During the late 19th and very early 20th centuries widespread deforestation occurred across the Appalachian region, USA. However, since the early 20th century, land cover rapidly changed from predominantly agricultural land use (72%; 1909) to forest. West Virginia (WV) is now the USA’s third most forested state by area (79%; 1989–present). It is well understood that land cover alterations feedback on climate with important implications for ecology, water resources, and watershed management. However, the spatiotemporal distribution of climatic changes during reforestation in WV remains unclear. To fill this knowledge gap, daily maximum temperature, minimum temperature, and precipitation data were acquired for eighteen observation sites with long periods of record (POR; ≥77 years). Results indicate an increasingly wet and temperate WV climate characterized by warming summertime minimum temperatures, cooling maximum temperatures year-round, and increased annual precipitation that accelerated during the second half (1959–2016) of the POR. Trends are elevation dependent and may be accelerating due to local to regional ecohydrological feedbacks including increasing forest age and density, changing forest species composition, and increasing globally averaged atmospheric moisture. Furthermore, results imply that excessive wetness may become the primary ecosystem stressor associated with climate change in the USA’s rugged and flood prone Appalachian region. The Appalachian region’s physiographic complexity and history of widespread land use changes makes climatic changes particularly dynamic. Therefore, mechanistic understanding of micro- to mesoscale climate changes is imperative to better inform decision makers and ensure preservation of the region’s rich natural resources. Full article
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Open AccessArticle
Characterizing Land Use Impacts on Channel Geomorphology and Streambed Sedimentological Characteristics
Water 2019, 11(5), 1088; https://doi.org/10.3390/w11051088
Received: 3 April 2019 / Revised: 10 May 2019 / Accepted: 12 May 2019 / Published: 24 May 2019
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Abstract
Land use can radically degrade stream physical habitat via alterations to channel geomorphology and sedimentological characteristics. However, independent and combined influences such as those of agricultural and urban land use practices on channel geomorphology and substrate composition remain poorly understood. To further understanding [...] Read more.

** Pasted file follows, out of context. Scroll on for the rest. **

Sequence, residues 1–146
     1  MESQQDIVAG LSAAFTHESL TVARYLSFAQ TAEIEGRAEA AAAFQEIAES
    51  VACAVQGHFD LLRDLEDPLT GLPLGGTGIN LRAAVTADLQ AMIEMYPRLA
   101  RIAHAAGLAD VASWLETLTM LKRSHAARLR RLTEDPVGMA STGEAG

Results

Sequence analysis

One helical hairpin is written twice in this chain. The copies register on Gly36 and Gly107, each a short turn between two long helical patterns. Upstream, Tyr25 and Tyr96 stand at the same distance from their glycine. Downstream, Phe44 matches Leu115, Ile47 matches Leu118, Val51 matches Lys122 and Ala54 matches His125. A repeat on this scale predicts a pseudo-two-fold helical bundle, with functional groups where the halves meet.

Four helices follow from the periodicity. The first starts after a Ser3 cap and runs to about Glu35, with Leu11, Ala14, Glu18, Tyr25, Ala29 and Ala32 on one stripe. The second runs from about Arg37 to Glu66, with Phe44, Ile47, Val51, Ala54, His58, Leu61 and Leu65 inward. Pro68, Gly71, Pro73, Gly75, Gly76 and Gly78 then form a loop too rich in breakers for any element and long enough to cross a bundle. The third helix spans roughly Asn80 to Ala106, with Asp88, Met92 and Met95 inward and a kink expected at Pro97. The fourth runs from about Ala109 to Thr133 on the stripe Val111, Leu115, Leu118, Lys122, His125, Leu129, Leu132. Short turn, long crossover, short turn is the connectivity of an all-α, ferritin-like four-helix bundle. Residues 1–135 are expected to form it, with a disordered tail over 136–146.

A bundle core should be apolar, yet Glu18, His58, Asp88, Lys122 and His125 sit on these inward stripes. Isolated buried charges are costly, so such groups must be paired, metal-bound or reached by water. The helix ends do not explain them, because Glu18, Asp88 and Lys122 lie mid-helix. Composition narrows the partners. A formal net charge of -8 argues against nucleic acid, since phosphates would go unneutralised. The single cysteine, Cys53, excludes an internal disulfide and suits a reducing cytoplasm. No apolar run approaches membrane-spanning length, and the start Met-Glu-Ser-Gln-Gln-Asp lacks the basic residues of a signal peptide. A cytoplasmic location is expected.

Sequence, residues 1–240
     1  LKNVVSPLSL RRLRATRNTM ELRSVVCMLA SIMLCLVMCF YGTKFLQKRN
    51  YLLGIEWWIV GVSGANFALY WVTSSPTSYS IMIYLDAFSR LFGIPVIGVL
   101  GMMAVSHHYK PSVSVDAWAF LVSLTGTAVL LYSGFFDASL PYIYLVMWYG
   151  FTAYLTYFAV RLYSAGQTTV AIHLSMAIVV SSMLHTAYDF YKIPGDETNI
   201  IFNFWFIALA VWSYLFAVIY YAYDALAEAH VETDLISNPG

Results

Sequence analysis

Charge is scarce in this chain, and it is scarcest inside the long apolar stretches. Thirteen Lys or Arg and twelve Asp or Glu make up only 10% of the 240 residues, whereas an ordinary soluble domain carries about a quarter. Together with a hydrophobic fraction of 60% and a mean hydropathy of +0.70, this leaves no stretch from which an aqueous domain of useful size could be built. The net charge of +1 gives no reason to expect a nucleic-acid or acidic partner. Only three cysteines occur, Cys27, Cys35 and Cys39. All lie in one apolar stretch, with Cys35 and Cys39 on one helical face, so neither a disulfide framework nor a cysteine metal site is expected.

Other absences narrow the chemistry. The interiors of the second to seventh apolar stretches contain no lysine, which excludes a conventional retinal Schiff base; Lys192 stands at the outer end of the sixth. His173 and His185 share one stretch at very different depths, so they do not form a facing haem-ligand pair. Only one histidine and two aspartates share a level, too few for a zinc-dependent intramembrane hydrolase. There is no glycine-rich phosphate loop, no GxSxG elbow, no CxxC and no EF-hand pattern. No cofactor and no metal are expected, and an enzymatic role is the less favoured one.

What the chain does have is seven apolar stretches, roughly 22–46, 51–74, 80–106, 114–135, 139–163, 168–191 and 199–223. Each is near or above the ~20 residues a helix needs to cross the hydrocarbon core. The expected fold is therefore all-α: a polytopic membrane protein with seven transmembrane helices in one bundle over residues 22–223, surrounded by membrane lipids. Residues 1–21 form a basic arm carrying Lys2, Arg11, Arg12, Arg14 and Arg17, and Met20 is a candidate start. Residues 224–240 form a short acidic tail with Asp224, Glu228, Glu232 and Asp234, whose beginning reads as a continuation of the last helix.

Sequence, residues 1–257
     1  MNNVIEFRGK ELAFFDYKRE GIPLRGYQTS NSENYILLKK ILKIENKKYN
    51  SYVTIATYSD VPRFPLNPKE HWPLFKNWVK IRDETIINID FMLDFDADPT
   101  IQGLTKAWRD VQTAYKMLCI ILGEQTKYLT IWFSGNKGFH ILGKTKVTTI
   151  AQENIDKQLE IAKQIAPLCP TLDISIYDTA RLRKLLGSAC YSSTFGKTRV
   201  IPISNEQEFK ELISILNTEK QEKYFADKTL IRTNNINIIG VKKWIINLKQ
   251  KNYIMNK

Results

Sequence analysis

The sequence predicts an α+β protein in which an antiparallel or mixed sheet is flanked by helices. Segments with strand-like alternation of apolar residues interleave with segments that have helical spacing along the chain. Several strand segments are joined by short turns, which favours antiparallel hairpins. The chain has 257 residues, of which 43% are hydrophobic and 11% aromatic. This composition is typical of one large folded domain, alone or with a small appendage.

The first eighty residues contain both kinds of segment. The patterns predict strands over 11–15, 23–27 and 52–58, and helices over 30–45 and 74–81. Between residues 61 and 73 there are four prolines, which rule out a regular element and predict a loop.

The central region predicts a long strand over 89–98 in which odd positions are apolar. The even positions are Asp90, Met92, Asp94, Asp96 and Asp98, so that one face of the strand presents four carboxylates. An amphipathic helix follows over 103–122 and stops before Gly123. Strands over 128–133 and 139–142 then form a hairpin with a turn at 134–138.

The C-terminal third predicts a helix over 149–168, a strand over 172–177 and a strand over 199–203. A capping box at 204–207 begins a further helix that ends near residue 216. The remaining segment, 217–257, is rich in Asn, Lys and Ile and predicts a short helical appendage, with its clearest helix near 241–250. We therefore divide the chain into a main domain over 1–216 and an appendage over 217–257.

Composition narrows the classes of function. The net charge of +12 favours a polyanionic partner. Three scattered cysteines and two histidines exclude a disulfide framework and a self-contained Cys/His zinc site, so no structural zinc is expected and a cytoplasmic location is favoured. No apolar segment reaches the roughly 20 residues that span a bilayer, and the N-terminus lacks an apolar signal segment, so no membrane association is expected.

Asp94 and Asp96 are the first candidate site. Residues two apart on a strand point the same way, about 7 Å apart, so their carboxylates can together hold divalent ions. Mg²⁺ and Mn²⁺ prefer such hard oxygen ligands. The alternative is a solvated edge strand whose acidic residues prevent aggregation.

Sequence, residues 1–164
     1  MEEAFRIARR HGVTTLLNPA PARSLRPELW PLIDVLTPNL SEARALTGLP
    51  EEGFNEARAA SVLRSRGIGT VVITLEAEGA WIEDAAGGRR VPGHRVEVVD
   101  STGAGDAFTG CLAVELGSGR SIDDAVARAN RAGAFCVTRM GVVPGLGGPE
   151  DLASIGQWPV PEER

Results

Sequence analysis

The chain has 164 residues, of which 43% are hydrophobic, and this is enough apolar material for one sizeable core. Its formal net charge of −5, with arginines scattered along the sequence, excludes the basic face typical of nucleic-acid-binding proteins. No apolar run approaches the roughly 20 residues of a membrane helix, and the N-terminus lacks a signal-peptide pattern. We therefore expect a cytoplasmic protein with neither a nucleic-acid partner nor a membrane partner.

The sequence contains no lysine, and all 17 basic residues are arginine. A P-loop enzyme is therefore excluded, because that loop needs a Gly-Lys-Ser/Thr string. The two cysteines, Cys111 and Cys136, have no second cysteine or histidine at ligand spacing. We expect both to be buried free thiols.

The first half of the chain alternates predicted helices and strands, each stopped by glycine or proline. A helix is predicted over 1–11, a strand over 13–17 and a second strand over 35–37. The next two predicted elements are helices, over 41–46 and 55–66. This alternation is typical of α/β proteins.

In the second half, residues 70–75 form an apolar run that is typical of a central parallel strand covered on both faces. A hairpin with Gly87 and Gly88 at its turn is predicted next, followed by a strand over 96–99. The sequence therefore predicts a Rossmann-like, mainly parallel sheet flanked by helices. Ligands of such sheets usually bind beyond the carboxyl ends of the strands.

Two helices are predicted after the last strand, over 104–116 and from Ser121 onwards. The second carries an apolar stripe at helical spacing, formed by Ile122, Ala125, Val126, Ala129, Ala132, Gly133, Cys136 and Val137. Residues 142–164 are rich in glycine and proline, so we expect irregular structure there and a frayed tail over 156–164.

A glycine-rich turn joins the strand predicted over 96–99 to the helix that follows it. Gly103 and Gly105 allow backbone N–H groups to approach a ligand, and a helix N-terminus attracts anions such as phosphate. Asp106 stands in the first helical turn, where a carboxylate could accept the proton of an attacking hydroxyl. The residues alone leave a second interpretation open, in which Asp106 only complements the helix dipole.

Land use can radically degrade stream physical habitat via alterations to channel geomorphology and sedimentological characteristics. However, independent and combined influences such as those of agricultural and urban land use practices on channel geomorphology and substrate composition remain poorly understood. To further understanding of mixed land use influence on stream physical habitat, an intensive, 56 km hydrogeomorphological assessment was undertaken in a representative mixed land use watershed located in Midwestern USA. Sub-objectives included quantitative characterization of (1) channel geomorphology, (2) substrate frequency and embeddedness, and (3) relationships between land use, channel geomorphology, and substrate frequency and embeddedness. Channel geomorphology, and stream substrate data were directly measured at survey transects (n = 561) every 100 m of the entire 56 km distance of the reference stream. Observed data were averaged within five sub-basins (Sites #1 to #5) nested across an agricultural-urban land use gradient. Multiple regression results showed agricultural and urban land use explained nearly all of the variance in average width to depth ratios (R2 = 0.960; p = 0.020; n = 5), and maximum bank angle (R2 = 0.896; p = 0.052; n = 5). Streambed substrate samples of pools indicated significantly (p < 0.001) increased substrate embeddedness at agricultural Site #1 (80%) located in the headwaters and urban Site #5 (79%) located in the lower reaches compared to rural-urban Sites #2 to #4 (39 to 57%) located in the mid-reaches of the study stream. Streambed substrate embeddedness samples of riffles that ranged from 51 to 72% at Sites #1 and #5, and 27 to 46% at Sites #2 to #4 were significantly different between sites (p = 0.013). Percent embeddedness increased with downstream distance by 5% km−1 with the lower urban reaches indicating symptoms of urban stream syndrome linked to degraded riffle habitat. Collectively, observed alterations to channel morphology and substrate composition point to land use alterations to channel geomorphology metrics correlated with increased substrate embeddedness outside of mid-reaches where bedrock channel constraints accounted for less than 3% of substrate frequency. Results from this study show how a hydrogeomorphological assessment can help elucidate casual factors, target critical source areas, and thus, guide regional stream restoration efforts of mixed-land-use watersheds. Full article